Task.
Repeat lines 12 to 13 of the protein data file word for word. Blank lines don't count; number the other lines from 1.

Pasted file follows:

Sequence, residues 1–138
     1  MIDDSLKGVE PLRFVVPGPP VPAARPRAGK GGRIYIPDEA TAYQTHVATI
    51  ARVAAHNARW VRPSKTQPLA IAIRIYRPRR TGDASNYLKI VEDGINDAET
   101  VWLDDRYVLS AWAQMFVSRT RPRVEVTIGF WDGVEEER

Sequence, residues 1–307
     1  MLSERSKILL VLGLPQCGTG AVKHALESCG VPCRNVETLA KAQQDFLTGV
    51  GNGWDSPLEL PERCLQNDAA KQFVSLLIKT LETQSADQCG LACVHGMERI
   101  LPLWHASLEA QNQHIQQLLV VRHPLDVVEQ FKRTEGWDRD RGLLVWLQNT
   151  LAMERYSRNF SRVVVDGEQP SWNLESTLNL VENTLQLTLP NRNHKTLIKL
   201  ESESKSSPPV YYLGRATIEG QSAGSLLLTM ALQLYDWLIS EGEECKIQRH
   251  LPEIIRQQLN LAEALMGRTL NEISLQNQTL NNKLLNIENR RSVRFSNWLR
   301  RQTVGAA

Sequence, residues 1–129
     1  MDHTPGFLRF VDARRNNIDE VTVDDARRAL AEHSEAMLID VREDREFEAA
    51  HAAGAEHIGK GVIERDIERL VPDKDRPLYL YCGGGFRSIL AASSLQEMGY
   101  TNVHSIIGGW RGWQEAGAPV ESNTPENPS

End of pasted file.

   301  RQTVGAA

Sequence, residues 1–129